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Can/How Do I Create a Custom Numeric Type

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James Mulhern
James Mulhern on 29 Nov 2017
Answered: Walter Roberson on 29 Nov 2017
I have an array that I am using to store the output data for my project. I initialize it using NaN and then overwrite the data as I calculate different parameters, however in some columns not every row is overwritten because some things are not calculated. I would like to create a custom numeric type that I can use to initialize the array instead of using NaN. NaN works, but it indicated that the cell had a calculation performed. I would like to create an numeric type that is like "Blank" or "No-Calc" or something, this way it is clear to an end user that that cell was not calculated.
Is this possible to do?
I think it could be done by making it a cell array, however it would become tedious to be constantly converting to and from a cell.
This is essentially what my data looks like
[1, 2, 3]
[1, 2, NaN]
[1, 2, 3]
This is what I want
[1, 2, 3]
[1, 2, Blank]
[1, 2, 3]
I also do not want to use 0 because it the cells could actually be equal to zero. Maybe Inf or -Inf would be better. Anyway please let me know if I can create a custom numeric type, and if so how to do it. Thanks
Adam on 29 Nov 2017
You can inherit a class from e.g. double or int16 or any numeric type and overload functions on it, but it isn't for the faint-hearted!
It isn't something I have ever done though I am, at present, working on ideas for a similar problem - dealing with sparse arrays where I want 0 to actually be 0 rather than representing just an element of the array that is not filled. That is proving complicated to do in a generic format though so I am creating a more specific wrapper class for a sparse array for my immediate need.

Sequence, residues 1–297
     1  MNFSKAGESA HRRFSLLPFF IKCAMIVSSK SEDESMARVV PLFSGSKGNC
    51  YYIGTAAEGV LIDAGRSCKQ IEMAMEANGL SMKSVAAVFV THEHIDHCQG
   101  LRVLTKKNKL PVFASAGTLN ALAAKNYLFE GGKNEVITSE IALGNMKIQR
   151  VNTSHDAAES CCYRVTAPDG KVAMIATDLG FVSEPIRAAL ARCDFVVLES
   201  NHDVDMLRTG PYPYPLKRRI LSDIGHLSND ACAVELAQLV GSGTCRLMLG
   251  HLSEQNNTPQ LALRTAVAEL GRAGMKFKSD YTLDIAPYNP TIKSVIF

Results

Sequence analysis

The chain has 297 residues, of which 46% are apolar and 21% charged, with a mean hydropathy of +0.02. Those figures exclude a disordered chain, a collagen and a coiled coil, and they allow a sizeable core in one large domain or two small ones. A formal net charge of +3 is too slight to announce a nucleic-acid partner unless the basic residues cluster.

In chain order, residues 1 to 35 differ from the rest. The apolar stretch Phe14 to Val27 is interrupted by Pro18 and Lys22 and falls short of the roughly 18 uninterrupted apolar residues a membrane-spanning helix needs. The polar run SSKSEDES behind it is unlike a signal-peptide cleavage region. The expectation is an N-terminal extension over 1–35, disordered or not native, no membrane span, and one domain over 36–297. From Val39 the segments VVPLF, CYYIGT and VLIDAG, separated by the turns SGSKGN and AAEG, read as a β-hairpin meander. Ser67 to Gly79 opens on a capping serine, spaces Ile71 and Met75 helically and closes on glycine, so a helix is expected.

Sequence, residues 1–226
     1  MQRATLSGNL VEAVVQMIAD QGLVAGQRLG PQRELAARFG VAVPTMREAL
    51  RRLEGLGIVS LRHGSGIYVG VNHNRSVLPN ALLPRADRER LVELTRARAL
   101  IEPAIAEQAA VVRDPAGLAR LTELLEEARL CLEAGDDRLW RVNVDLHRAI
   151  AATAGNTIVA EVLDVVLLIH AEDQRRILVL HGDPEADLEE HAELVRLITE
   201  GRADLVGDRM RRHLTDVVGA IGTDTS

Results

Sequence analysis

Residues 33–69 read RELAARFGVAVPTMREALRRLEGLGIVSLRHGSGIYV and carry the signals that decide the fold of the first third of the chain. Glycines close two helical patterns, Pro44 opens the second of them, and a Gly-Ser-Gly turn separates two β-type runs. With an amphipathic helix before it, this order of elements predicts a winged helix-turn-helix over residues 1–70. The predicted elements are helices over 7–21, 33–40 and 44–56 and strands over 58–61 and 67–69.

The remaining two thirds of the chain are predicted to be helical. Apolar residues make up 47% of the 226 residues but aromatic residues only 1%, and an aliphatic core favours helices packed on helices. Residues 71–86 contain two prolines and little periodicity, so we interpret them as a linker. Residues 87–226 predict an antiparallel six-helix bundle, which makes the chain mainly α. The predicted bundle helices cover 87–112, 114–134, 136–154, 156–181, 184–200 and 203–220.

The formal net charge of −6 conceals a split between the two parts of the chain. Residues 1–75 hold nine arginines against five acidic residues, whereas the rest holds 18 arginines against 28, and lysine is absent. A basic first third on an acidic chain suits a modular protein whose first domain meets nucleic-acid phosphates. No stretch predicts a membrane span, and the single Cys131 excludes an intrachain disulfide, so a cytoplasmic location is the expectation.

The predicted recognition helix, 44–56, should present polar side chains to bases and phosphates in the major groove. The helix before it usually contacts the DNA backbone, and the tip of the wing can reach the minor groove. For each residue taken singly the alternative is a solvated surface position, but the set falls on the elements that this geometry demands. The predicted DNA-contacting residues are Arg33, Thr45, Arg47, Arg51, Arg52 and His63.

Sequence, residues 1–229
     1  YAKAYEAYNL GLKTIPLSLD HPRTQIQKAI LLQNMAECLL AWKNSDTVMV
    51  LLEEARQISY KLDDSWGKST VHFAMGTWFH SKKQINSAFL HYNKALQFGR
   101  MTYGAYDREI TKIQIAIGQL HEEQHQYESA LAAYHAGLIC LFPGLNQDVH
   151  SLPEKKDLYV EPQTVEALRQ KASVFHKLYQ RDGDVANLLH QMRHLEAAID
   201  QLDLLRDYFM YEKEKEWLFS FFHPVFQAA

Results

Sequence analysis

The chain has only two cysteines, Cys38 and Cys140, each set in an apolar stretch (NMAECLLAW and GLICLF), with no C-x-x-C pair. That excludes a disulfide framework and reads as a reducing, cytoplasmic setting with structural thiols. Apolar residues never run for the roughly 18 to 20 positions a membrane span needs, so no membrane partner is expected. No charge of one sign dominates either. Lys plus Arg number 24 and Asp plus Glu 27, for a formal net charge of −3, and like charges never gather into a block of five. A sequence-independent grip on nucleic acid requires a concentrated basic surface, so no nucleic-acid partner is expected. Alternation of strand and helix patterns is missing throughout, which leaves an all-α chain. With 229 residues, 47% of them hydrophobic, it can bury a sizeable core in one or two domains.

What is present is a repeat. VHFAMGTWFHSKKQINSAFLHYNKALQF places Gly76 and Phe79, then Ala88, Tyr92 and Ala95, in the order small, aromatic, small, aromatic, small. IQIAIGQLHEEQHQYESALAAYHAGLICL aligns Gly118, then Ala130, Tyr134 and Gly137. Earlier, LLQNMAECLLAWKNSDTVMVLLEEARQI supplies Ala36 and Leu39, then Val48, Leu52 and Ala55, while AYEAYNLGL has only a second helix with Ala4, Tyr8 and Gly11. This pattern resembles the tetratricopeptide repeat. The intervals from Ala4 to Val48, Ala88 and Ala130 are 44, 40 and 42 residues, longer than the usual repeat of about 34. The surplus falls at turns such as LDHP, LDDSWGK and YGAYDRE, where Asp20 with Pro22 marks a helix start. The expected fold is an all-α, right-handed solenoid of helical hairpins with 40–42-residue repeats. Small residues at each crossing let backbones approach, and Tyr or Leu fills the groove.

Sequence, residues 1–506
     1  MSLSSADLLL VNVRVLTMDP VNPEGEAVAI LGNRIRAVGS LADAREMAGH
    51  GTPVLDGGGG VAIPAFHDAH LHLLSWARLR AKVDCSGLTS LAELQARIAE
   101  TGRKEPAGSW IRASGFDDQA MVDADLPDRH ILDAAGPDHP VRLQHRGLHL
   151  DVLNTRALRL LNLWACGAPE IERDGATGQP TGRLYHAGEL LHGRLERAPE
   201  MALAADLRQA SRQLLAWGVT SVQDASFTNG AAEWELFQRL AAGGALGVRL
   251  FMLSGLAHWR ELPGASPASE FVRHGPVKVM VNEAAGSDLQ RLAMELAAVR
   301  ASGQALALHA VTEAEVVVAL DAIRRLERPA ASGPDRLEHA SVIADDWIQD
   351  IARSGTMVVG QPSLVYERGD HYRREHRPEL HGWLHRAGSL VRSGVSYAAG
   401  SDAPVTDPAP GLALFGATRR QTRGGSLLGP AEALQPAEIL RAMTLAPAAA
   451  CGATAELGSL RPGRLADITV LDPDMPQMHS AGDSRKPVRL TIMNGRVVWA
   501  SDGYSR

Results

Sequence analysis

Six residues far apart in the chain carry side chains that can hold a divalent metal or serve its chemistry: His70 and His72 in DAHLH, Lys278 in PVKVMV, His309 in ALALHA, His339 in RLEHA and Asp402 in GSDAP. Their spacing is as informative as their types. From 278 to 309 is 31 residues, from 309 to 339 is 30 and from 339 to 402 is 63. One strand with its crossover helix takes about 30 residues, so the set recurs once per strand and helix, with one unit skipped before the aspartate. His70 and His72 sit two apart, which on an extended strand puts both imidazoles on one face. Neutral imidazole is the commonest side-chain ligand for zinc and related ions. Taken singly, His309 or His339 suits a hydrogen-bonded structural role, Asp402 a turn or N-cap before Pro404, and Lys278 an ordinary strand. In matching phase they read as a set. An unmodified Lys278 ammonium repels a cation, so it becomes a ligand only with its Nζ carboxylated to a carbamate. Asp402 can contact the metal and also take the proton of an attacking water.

I would suggest you consider something similar if you really want to go down this route - don't try to create a generic type, create one that solves the actual problem you want solving and doesn't need to be generically interchangeable with other numeric arrays in every situation.
And yes, you could do this in a cell array, but cell arrays are horrid for numeric-only usage.
Rik on 29 Nov 2017
So your main objection is that it isn't clear to an end-user what NaN means in this context? Because then this seems like killing mosquitos with nukes. Isn't it easier to explain what NaN means in comments or in a GUI?

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Answers (1)

Walter Roberson
Walter Roberson on 29 Nov 2017
I suspect that all you need to override is the display routine -- though I would also be concerned about what happened with fprintf() and sprintf().


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